Also on the website is Elizabeth Warren's testimony from May 24th before The Subcommittee on TARP, Financial Services, and Bailouts of Public and Private Programs Committee on Oversight and Government Reform in order to determine the accountability and oversight for the agency. You may remember the news about this hearing where Representative Patrick McHenry of North Carolina, accused Warren of lying during her March testimony, where Warren had previously appeared to answer questions concerning the CFPA and its function and power structure (See Decorum Breaks Down at House Hearing, New York Times).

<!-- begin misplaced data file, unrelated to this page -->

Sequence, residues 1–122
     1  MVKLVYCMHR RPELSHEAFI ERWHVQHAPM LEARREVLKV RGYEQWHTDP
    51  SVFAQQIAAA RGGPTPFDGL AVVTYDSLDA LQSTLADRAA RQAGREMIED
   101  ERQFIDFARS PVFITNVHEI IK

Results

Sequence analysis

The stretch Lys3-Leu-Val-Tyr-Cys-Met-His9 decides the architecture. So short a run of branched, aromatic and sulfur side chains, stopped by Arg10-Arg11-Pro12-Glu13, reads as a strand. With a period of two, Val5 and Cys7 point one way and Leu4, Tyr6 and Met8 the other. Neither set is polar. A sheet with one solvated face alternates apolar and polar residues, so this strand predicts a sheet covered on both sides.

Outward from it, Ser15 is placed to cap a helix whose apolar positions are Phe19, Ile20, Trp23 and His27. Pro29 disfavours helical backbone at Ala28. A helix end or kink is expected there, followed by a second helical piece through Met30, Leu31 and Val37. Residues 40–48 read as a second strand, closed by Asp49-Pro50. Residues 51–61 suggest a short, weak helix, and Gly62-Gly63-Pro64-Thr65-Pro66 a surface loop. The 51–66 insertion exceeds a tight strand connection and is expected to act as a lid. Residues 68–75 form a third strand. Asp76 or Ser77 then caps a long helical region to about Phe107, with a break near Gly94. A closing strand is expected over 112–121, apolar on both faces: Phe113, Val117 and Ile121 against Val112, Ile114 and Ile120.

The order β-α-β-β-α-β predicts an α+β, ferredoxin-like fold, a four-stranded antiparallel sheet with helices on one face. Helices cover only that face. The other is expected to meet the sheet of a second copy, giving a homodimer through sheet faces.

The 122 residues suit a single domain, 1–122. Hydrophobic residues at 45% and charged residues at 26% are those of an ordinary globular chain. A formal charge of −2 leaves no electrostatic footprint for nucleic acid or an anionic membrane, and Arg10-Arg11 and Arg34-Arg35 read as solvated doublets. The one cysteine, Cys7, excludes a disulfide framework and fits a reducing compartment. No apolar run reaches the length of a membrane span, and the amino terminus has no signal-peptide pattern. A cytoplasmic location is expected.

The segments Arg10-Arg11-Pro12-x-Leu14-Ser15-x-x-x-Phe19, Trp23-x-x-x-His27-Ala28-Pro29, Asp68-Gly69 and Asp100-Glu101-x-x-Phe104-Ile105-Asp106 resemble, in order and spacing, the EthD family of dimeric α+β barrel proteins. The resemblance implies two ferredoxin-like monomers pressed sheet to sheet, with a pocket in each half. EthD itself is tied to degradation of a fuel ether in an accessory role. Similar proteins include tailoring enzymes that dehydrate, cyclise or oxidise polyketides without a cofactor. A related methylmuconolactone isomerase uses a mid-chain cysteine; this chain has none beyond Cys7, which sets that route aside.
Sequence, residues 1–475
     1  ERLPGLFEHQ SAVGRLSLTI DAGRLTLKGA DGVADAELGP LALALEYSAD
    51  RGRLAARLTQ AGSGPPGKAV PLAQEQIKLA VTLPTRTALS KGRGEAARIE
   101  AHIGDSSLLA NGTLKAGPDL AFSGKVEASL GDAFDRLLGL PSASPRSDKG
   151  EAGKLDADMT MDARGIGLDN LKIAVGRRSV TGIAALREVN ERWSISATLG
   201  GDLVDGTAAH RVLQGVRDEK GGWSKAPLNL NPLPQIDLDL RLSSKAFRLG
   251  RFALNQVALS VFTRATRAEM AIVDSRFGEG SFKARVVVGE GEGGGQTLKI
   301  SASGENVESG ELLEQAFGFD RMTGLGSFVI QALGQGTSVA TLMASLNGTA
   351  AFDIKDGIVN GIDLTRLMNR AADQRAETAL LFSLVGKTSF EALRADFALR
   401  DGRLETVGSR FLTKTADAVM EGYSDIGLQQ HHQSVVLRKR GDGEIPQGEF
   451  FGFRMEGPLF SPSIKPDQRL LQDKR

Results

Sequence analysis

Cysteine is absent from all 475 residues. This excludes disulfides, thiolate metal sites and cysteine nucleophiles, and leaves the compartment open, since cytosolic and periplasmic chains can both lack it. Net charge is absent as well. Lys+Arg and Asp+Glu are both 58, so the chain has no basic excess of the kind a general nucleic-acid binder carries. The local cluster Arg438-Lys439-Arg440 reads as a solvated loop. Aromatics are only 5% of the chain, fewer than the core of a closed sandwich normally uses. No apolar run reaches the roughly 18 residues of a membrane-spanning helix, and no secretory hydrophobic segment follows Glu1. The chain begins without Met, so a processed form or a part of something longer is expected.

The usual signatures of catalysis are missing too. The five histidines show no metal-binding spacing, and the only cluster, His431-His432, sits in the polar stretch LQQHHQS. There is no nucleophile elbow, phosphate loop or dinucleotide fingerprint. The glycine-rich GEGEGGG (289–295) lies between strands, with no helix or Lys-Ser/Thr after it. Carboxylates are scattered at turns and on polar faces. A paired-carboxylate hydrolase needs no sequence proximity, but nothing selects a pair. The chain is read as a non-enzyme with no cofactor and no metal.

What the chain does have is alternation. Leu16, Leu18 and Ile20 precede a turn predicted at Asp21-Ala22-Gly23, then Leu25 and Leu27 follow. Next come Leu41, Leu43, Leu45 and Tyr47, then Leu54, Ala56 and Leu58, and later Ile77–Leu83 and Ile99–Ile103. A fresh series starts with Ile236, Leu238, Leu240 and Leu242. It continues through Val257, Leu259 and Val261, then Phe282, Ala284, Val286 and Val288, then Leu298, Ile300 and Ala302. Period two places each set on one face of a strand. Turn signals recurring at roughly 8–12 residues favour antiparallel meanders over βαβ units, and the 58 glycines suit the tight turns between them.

Of course, both the CFPB and Warren herself have faced strong opposition from Republican lawmakers. It seems that this time around, the advances in consumer protections were not secured by simply passing the Consumer Financial Protection Act. Appropriations and confirming an official head of the CFPB remain open issues while the CFPB continues its organization. On the consumer front, I am pleased to note that the new website contains a number of consumer oriented videos and outreach to the banking community. Being a big fan of the power of information, it is a good sign that the CFPB has taken their first steps in reaching consumers in the electronic mediums. Oh, and you can even share the videos on Facebook or Twitter, for all you consumer rights junkies . . .